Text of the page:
new uniforms, had a full day of ac
On Friday noon the band, under
diredtkm of Miss Betty Story, di
rector, rendered a concert before
the North Wilkesboro KhninlS
Chib. ■ ' * ,5 ■
nie Wtt te- dattfr TO ■*> DhiisttN*
All members of the Brother
hood of the North Wllkesboro
Methodist church are urged to at
tend the meeting which will be
held Tuesday evening, December
8th, at 6:30, In the church hut.
Rev. Watt Cooper, pastor of the
local Presbyterian church, will
make a short talk. A feature of
the meeting will be a big turkey
dinner which will be served by
ladles of the church. Every mem-
iber la Invited to bring a visitor
Clinic On Thursday
Pfc. John S. Johnson
On Police Dufy ^
■Pfc. John 9> Johnson; .who
oo„ Va., has boso trAosfanred te NImI ' ^ '
msrine gsard Or yuiUin Attty
(Convened on page five)
At the close of the Sunday
morning service at the Wllkes
boro Methodist church yesterday,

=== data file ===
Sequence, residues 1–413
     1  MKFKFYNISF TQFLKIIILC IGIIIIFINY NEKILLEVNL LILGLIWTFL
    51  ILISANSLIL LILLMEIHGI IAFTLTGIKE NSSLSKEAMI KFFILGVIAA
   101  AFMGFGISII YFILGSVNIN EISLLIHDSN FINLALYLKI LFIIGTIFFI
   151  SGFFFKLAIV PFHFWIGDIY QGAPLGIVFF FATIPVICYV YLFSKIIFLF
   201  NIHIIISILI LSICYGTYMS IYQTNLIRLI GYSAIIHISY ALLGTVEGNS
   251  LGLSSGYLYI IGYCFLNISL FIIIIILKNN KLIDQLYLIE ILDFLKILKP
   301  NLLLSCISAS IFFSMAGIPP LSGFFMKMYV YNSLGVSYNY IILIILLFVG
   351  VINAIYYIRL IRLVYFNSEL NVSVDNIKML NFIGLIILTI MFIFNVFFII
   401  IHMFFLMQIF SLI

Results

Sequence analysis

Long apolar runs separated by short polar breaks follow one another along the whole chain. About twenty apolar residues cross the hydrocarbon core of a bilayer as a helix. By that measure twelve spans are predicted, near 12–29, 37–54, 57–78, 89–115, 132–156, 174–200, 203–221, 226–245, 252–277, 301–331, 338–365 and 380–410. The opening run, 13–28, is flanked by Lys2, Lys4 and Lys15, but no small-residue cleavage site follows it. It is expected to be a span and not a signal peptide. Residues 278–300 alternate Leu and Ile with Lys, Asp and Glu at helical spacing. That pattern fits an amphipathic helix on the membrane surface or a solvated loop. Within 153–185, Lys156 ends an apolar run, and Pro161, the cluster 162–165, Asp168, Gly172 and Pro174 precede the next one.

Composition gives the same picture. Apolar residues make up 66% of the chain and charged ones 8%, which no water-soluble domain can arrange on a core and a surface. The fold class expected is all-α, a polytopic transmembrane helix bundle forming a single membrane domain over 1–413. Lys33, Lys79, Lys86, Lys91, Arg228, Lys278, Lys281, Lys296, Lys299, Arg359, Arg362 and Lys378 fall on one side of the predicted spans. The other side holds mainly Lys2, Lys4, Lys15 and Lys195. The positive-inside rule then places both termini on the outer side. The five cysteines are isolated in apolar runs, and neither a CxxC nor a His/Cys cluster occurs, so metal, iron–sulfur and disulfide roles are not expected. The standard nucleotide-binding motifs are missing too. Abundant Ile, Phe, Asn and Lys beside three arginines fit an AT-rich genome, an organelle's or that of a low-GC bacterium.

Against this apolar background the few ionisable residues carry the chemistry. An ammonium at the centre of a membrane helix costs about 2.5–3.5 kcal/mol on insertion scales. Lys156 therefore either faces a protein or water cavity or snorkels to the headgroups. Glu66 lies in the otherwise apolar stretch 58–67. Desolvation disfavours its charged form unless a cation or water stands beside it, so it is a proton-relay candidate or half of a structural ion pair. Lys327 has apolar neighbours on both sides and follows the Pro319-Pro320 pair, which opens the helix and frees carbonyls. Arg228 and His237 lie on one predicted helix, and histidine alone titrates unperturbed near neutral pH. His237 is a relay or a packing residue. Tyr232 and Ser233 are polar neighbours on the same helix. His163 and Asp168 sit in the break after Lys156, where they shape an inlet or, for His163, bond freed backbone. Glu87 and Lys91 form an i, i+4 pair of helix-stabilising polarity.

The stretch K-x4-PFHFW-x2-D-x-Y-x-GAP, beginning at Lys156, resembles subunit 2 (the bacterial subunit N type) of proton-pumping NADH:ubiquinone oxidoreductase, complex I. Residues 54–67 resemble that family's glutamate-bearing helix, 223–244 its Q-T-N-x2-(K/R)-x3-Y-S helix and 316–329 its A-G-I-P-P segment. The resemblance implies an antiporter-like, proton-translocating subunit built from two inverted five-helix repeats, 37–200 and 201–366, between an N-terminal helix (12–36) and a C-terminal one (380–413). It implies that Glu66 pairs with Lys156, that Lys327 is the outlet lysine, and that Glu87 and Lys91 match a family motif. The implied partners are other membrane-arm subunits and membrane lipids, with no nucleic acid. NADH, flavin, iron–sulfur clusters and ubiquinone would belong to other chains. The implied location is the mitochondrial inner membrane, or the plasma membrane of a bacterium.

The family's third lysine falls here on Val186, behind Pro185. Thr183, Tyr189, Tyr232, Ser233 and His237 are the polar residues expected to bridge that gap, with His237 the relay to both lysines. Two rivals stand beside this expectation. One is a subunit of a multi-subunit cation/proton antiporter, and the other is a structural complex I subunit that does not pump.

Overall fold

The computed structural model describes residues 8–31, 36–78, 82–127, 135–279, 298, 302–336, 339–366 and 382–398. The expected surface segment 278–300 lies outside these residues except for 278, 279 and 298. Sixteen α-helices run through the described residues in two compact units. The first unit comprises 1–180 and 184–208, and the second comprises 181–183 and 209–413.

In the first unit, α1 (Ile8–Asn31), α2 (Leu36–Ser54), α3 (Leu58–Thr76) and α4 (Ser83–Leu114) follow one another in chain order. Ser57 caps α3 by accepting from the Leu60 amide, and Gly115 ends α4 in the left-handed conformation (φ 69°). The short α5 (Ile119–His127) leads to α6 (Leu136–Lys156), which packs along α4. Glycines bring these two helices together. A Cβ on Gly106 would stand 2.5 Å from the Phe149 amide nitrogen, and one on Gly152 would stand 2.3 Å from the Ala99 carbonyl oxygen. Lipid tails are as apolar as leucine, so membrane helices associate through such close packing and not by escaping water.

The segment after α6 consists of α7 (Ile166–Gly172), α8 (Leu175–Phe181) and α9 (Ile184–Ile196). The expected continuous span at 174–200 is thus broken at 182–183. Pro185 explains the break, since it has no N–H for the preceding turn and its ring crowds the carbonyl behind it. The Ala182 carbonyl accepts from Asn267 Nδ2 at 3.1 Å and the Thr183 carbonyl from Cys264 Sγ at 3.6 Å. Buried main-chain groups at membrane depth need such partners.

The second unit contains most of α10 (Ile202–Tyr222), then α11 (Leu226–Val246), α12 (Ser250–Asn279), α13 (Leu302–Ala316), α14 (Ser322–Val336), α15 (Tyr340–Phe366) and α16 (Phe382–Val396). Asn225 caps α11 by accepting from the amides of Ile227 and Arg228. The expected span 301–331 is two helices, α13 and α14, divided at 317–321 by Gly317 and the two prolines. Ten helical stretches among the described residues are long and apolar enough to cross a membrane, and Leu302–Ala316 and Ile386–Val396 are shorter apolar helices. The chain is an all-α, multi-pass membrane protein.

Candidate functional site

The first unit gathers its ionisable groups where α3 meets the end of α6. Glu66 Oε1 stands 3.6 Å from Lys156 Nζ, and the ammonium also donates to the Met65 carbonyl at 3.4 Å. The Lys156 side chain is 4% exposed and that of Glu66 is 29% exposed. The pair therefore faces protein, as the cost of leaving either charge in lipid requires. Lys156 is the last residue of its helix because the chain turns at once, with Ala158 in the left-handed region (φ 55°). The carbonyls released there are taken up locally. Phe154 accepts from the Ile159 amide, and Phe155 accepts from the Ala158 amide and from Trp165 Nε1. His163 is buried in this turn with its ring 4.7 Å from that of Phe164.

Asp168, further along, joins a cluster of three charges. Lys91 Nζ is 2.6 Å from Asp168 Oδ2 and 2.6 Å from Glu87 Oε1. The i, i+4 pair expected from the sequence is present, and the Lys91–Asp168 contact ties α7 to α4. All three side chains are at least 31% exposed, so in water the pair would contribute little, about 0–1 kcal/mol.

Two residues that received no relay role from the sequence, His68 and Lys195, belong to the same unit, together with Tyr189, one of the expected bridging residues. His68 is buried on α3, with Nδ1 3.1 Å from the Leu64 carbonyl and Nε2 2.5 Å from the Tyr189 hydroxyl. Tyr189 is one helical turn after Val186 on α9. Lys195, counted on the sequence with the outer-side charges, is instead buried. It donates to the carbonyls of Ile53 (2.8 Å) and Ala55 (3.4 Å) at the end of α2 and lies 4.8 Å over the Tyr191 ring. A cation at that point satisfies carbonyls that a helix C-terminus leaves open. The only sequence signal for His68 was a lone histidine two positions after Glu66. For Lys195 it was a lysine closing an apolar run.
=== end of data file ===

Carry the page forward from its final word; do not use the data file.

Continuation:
the pastor, Rev. Fred H. Shinn,
announced that in all probahility
be would enter the’navy as's
chaplain within the next few
Rev. Mr. Shinn had p:
voUmteened his servtM|.-,to
f had been
of a nih«^ 'd9#|it
Dli R. S. Moore
i-Jhr.’ Robert S. Moore, age_ 74,
hither of Mrs. Robert Morehouse^
a OWtwoods, died suddenly Thurs
day •tborning on a street in Provi-
d«Sc«^' R. I., near his home.
Dr. Moore, for several decades a
Mdteodist minister, was well
Wilkes. He had spent
TiliMh>.tiine in the home of his
end' on several occasions
dobs here. He was a
idddy zen«nised abtt-
bi. Jane tSAf
ncebad idfe IM'